Journals from Galapagos, Ecuador
2010-12-04 Add a title for your entry
In my post certification scuba craze, I organized a scuba trip for the group. Kicker Rock, a world renowned scuba site, is most known for its amazing coral formations and large shark populations, including the occasional hammerhead.
Eight of us ended up going out to Kicker Rock, meeting down on the pier early one morning and loading up into the dive boat. The dive boat is especially designed so that there is enough space for eight people to struggle into wetsuits without falling overboard. Everything folds up or folds down to make space or hold gear. It is a surprisingly efficient little boat.
We started at Isla de los Lobos for a gear check. We piled into the water, falling over backwards, tank hitting the water first. Our gear check went fine. We spent ten minutes underwater going through protocol and playing with the sea lions that swam among us, playing in our bubbles. One sea lion was practically kissing me as she rushed up to butt my mask, then zip away. I also saw sand dollars as large as dinner plates and a giant sea snail. All this in just the few minutes we sat on the bay´s sandy bottom.
The gear check was quick and soon we were loaded back up and motoring off to Kicker Rock. It is an impressive site, sitting out in the middle of the ocean. The cliffs stretch for hundreds of feet up out of the water and it is a completely sheer drop. I soon learned that those sheer walls continue all the way down to the ocean floor.
We were back in the water in no time, though the water here was no longer the beautiful turquoise blue, but, because it is so much deeper, a dark, obscured blue that was so much scarier. Underwater it was better, less scary because you could see further than you could from the surface. The diving was incredible, so clear! I deflated my BCD and allowed my weights to drag me down parallel to the wall´s surface. This was one of my favorite parts of the whole dive. The wall was incredible, covered in incandescent corals, branching corals, waving frond-like corals, a whole reef really! The little fish would poke their heads out and watch me. There was also a purple sponge that coated the whole wall. It was so bizarre to dive underwater and expect to see expanses of gray rock, then suddenly find that everything is purple peppered with orange coral. Amazing! The glowing, pearly incandescent corals were my favorites, though.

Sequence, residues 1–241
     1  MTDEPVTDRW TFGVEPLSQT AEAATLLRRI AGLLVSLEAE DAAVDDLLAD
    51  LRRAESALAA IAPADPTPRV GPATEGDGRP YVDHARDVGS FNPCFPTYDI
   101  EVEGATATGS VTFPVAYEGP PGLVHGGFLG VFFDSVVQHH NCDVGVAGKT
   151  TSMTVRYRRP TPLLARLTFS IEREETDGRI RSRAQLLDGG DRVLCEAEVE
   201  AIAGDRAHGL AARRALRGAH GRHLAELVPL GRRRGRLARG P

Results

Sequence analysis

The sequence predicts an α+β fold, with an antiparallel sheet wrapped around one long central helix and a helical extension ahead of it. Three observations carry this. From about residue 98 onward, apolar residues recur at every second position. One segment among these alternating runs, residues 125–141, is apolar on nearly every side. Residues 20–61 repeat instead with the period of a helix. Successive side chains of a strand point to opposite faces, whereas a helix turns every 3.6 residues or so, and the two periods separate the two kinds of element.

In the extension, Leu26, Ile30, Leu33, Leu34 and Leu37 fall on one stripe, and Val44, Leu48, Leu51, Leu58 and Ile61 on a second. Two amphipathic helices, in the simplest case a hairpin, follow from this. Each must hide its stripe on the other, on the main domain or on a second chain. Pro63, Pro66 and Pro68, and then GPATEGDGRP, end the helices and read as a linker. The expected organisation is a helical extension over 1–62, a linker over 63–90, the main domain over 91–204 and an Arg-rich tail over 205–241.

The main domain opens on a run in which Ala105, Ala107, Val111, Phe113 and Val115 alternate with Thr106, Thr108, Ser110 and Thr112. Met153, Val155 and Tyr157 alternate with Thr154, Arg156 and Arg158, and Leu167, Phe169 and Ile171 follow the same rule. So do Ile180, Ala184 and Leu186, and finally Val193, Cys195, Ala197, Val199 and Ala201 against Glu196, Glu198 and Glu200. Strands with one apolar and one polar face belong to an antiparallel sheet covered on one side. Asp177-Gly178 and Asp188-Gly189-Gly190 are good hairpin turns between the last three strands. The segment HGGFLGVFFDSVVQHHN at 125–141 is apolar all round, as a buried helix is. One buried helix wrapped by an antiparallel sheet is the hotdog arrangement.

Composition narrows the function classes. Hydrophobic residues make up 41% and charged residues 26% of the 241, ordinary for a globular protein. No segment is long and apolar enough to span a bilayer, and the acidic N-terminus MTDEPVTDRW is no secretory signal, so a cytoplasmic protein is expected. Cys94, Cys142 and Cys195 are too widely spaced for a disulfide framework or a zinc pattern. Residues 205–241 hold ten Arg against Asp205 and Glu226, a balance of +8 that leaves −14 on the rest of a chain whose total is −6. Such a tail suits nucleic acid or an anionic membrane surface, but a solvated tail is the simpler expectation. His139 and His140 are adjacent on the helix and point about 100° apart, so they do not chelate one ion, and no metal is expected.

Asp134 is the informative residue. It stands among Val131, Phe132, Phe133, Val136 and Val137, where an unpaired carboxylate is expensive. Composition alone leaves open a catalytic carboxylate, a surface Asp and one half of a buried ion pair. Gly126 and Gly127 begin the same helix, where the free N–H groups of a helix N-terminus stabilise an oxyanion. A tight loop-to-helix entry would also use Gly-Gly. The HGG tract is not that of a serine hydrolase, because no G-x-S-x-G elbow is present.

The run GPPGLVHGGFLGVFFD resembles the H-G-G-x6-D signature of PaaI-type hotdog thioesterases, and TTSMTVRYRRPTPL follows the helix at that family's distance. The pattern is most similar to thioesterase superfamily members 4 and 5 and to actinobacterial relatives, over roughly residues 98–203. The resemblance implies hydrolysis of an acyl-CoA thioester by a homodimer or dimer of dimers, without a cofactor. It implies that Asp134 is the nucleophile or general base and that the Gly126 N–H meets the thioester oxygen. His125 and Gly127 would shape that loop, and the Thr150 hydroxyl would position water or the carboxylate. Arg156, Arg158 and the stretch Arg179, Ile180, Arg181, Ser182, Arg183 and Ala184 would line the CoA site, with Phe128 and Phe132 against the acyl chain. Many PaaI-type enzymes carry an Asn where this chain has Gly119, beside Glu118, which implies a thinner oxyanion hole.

I was so entranced that I let myself drift below our planned dive depth of 65 feet. Shay came and grabbed me as I dipped below 80ft. This could have been really dangerous, but Shay took good care of me, making sure that my safety stop (a stop at 15ft at the end of each dive) was longer than everyone else’s so that the excess nitrogen in my system was eliminated safely. Safety stop lengths are dictated by how deep you go and how long you´re down there.
Still, I didn´t have to surface right away and was able to continue with the dive with everyone else. We kept swimming around Kicker Rock and into the channel that runs between two towering cliff faces. Here the bottom was sandy at 60ft and we stopped and looked around us. I kneeled on the ocean floor and watched the sharks swimming above us, perfectly outlined by the sun´s rays as they pierced the surface and filtered down to us. There were so many sharks, at least forty! Black tips, white tips, and endemic Galapagos sharks all swam above us. They are so graceful! You could tell which people got nervous around the sharks as the timing of their breathing became more rapid, with bubbles spilling out of their regulators twice as quickly.